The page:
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So You Think You're Selfless?
Religious leaders, politicians, and family members tell us acting unselfishly is good. But an unquestioning adherence to altruistic behavior may not always be the best strategy. In fact, in many cases, doing what we think is best for another person may cause more harm than we planned.
Martyrs-R-Us — The Need-to-Know
Psychologist Nancy McWilliams coined the term “pathological altruism” in 1984. Her definition: The compulsive need to offset our own guilt, shame, or other negative feelings at the sight of another’s suffering by devoting our life to humanitarianism. But holding the door for the person behind us doesn’t necessarily signal a problem. Pathological altruism pioneer Barbara Oakley explains selfless acts can veer into pathology when altruists end up hurting themselves or the person they’re trying to help.
Animal hoarders, cult leaders, and partners who put up with abusive mates are three extreme categories of pathological altruists. They may think they’re saving kitties, bringing folks to enlightenment, or demonstrating forgiveness. But really they’re jeopardizing their own — and others’ — physical and emotional well-being.
More mundane cases include baking a diabetic grandmother her favorite sugary cake because you want her to “feel good.” Or writing a pal’s term paper for him so he’ll get a stellar grade. Both behaviors screw over the recipient of selflessness in the long run.
So how do we distinguish between altruism that helps and altruism that harms?
Hurts So Good — The Answer/Debate
The difference lies in the motivation of the seemingly selfless act as well as its consequences. Helping stops being healthy when we ignore, justify, or deny clear evidence that our selfless acts are causing harm. ("I know you say you need some breathing room but you’re better off calling in sick, crying on my shoulder, and letting me care for you.")
From helicopter parents to partners who smother us with too much love, the urge to help out may stem from our own need to feel important  . What appears to be selflessness may also be a subtle way to make others feel indebted to us, says Columbia professor Bernard Berofsky. Remember that coworker who volunteered to take on more than his fair share of projects? Everyone else at the office might still feel like they owe him one. What’s more, continuous attempts to solve other people’s issues can be a clever way to avoid dealing with our own problems.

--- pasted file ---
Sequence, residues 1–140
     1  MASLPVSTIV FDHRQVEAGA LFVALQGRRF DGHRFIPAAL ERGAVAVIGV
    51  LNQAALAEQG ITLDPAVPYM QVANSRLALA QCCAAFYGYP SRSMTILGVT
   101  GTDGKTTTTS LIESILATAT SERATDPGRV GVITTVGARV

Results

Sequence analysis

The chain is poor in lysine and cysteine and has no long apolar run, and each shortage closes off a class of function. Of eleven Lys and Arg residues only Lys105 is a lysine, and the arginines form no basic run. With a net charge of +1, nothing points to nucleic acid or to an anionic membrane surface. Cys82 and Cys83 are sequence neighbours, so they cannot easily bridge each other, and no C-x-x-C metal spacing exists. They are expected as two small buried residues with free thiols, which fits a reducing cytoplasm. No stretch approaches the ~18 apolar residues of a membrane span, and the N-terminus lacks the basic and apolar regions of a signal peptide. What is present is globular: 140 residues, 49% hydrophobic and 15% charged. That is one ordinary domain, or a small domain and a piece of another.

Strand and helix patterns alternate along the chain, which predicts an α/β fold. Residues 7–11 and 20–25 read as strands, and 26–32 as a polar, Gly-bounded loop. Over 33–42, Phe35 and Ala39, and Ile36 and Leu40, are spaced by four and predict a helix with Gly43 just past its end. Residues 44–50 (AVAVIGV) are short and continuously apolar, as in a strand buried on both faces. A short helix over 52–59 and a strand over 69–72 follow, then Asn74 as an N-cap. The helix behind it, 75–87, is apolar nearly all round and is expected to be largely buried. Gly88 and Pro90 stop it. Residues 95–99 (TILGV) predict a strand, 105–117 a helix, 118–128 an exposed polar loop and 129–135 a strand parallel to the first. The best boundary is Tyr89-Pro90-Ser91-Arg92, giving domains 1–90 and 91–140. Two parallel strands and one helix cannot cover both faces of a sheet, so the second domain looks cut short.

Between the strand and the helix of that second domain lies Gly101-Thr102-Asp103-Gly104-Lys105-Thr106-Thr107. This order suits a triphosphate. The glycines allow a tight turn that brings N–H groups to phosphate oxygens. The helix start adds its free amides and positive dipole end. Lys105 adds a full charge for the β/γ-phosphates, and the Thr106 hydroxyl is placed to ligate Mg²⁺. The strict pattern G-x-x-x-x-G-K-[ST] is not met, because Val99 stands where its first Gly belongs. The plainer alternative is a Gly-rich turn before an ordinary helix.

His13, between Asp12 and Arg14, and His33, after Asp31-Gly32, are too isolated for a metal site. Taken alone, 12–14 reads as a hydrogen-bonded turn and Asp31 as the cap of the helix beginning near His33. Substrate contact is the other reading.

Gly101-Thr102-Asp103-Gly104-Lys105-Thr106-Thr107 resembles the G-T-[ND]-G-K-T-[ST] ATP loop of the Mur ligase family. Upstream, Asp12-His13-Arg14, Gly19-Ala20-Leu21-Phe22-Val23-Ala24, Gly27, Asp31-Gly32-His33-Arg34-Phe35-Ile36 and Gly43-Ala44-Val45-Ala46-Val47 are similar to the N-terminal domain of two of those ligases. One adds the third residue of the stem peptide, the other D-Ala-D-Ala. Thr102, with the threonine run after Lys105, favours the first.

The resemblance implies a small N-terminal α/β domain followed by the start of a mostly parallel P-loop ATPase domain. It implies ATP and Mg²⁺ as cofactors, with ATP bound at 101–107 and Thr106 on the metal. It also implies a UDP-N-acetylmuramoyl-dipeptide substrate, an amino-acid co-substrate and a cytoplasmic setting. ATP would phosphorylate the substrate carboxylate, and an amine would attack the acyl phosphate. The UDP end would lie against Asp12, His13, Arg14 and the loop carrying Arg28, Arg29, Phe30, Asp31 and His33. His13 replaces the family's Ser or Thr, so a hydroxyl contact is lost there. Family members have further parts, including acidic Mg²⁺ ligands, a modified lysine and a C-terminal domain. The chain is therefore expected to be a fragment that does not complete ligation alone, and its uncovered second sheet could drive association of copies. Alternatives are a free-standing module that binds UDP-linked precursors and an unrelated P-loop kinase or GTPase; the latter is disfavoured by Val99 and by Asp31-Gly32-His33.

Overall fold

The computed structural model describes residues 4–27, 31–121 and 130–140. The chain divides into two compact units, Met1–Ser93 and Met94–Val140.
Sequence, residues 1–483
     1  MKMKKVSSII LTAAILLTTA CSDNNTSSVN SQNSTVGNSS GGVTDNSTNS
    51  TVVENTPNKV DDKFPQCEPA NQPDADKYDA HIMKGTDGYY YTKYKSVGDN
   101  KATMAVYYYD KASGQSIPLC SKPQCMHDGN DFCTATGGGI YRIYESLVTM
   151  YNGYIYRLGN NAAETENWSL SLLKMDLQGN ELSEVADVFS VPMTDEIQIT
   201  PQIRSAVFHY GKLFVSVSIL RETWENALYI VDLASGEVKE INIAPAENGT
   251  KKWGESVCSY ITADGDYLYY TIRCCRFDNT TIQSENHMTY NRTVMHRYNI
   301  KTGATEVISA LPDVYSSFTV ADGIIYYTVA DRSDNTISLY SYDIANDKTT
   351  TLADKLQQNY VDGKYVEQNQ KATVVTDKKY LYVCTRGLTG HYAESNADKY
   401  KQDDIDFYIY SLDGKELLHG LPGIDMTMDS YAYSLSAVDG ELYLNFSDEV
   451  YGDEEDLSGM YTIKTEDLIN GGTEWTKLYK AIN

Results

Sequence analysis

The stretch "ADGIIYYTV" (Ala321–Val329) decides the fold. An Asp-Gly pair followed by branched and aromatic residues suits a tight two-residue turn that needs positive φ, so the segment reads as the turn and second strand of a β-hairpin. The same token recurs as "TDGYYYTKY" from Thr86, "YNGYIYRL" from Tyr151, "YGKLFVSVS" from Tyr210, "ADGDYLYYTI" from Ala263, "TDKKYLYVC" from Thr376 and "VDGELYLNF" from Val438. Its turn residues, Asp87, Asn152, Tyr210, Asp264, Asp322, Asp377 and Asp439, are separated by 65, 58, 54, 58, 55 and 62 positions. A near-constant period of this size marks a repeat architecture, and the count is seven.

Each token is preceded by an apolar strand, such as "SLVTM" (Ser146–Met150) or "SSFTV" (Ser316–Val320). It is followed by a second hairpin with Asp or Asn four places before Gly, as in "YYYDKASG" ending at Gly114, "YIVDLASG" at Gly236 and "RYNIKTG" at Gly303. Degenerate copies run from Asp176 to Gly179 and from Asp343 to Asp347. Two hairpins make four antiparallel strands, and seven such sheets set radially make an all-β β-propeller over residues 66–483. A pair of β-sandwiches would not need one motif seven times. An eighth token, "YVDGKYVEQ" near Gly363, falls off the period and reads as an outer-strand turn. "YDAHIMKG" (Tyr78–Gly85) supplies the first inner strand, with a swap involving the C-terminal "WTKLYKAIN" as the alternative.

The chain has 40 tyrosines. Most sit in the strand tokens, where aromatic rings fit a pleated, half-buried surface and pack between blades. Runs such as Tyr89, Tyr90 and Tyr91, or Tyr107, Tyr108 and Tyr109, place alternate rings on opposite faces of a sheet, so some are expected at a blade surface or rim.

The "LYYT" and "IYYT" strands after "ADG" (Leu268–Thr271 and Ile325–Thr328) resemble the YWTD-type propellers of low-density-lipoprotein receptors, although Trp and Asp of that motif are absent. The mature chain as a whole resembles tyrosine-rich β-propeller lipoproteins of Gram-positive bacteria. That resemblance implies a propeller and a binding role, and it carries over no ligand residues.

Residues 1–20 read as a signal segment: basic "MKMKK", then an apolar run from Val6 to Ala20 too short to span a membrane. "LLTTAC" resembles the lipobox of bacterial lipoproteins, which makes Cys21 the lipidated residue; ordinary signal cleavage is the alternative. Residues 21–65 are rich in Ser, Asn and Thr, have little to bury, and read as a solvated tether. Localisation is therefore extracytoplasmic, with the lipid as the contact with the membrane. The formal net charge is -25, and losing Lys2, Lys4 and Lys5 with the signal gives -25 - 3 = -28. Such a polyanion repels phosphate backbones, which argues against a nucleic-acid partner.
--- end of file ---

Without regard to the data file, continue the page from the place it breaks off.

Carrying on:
Luckily, it’s possible for constant do-gooders to take a step back. For Lynn E. O’Connor, director of the Wright Institute’s Emotions, Personality, & Altruism Research Group, there’s a practical solution: Next time you feel the urge to swoop in as someone’s savior, take a moment to consider whether the target of your benevolence actually wants or needs your assistance. More importantly, don’t forget to ask yourself whether it’s in your best interest to offer your help.
Pathological altruists or not, we can all benefit from prioritizing our own problems and setting boundaries on how far we extend ourselves. Learning when to say “no” isn’t easy. But it’s important to think carefully about our knee-jerk reactions to help and figure out where to draw the line  .
Want to continue the conversation? Tweet the author @ktschreib or write a comment below!
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@jordan lampert facebook Yes, we are all alone in this world.
I only help if I think they need my help or advice, and I also ask people if I can tell them what I think and why? I don't push my help onto others. But if hey ask me, I do what I can only ifthey absolutely ned it! This took time though, I m now 52 years old, and I'velearned to say "NO"! When I wasd in my 20's, I thought I was expected to say "YES", and needed to do my very best and then some, if I though I should! I guess I was moreof apeole pleaser then, but over the year, after getting sick with a long-term anxiety disorder of OCD, I had to lesarn to deal with this. I could not really help others or do asd much as I sed to. My disordfer starting at my desdk at work near the end of October 1986 with a spontaneous click I could hear and feel in my brain, nd immediately I had a terrifying fear of germs, I never had before along with severe panic attacks all day long and some agorophobia (fear of open spacesd!), etc. I was so afraid of germs that I practically washeda layer of skin off thatdoesn't seem to want to heal no matter what. When I was wrking, I had hundreds of bleeding cuts on my hands and it was painful to bend my fingers! People at work tried to give me sme hand cream, but nothingworked! To this day, my hands till haven't healed but I used cotton goloves undernath my disposable gloves to do cleaning and housework and cooking. I lov to cook and earn aqbout health information now, but I hate cleaning! Now, after turning 50 and having others issues, such as hormonal imbalances and difficulty losing weight along with blood pressure levels spiking, I decided to devote myself to learning how I can resolvesome of these issues with nutrition! I like to help others wirh what I've learned. I just have to create a better routine of being at the computer and taking some needed breaks, now that both ofour childfren are in University in the science field predominately! They like to learn and help others!
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